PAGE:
Nice going, churches–way to teach God’s people.
Nice going, families. Just keep on sending your kids to public schools, and see what happens to their faith.
Tomorrow I will join dozens of other Americans in not watching the Super Bowl.
Oh, no! I’ll miss Madonna’s halftime show! Thanks, but I’d rather watch ants crawling in and out of the ant-hill. The Stupid Bowl halftime show is always some boring entertainer that you’ve already seen hundreds of times, whether you wanted to or not. The real trick is avoiding Madonna altogether.
But you’ll miss the six hours’ worth of pre-game coverage! Eh? What can they find to talk about for six hours?
I have banished TV from my home, but I still have to listen to an infinite number of radio ads with Stupid Bowl themes. These are almost indescribably offensive. In most of them, adult males are portrayed as the equivalent of poorly brought-up four-year-olds, who would be almost certain to defecate on the sofa if their long-suffering wives didn’t nag them constantly. And on Stupid Bowl Sunday, the talking heads who nag you all year about healthy eating turn around and exhort you to sit on the couch for 16 hours gobbling snacks and fast food.
Somewhere along the way, they supposedly get around to actually playing a football game–not that you’d notice.
Alas! Is it come to this? Are we Americans become so tame, so lame, so empty-headed, that we can be led around by the nose, and brought to invest so much time, so much passion, so much money in a freakin’ football game? I suppose 150 years of public schooling, with its emphasis on mindless conformity, has truly done its work. If we’re told to do it often enough, by enough voices in the media, who knows what we might not do? How else do you think a community-organizing mystery man, with no more biography than a robot or a lizard-man, gets elected president?
It must be some kind of hypnotism. You are passionately interested in the Super Bowl. You are passionately interested in the Super Bowl…
No, no, no! You shall not tell me what I’m passionate about! I refuse to waste my passion on a stupid football game! (But isn’t that kind of what you’re doing now, old sport?) All right, all right–I have gotten cranked up about it. Maybe football brings out the worst in me.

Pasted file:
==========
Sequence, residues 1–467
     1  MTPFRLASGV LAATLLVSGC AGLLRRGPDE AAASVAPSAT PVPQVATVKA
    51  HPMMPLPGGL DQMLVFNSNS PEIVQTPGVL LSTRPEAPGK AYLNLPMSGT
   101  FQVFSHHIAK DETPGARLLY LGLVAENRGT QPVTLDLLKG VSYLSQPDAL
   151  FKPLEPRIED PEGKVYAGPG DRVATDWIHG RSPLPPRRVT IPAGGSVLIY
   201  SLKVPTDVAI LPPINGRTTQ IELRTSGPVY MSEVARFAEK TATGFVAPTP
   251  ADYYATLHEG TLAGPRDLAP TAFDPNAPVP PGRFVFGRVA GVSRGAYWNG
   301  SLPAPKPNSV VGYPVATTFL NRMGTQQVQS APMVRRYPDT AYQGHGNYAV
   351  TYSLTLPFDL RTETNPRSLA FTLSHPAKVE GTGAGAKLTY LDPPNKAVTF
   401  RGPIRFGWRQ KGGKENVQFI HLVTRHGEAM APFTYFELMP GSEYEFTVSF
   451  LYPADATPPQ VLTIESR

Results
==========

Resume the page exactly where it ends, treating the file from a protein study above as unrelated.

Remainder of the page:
But really, it’s not about football at all. It’s about cultural slavery, and marching when they tell you to march, and stopping when they tell you to stop, and, finally, drinking the poison Kool-Aid…
Yesterday it was raining cats and dogs (as usual–and I don’t even live in Seattle), and as I was going out the front door, my foot slipped on the wet doorstep, my ankle buckled, and I was launched into a swan-dive to the cement sidewalk.
It could’ve been very nasty, but I escaped with a scraped knee and nothing else. Obviously God was watching over me. But I must also thank my judo instructors of long ago, who drilled us incessantly in the art of taking a fall. After all, if you can’t fall without getting hurt, you really can’t practice judo. Even after all this time, I have retained this skill. I might’ve wound up like Humpty-Dumpty, otherwise. Certainly I would recommend this training to everyone!
Meanwhile, I’m still waiting for the signal to start writing Book #6 of my Bell Mountain Series. Our artist, Kirk Douponce, says he’s ready to start work on the cover of #4, The Last Banquet, and I’m in the process of proofreading it. Hopefully it’ll be ready for publication by the end of this summer; and then we can all get to work on #5, The Fugitive Prince… provided I continue to survive any additional falls I might take.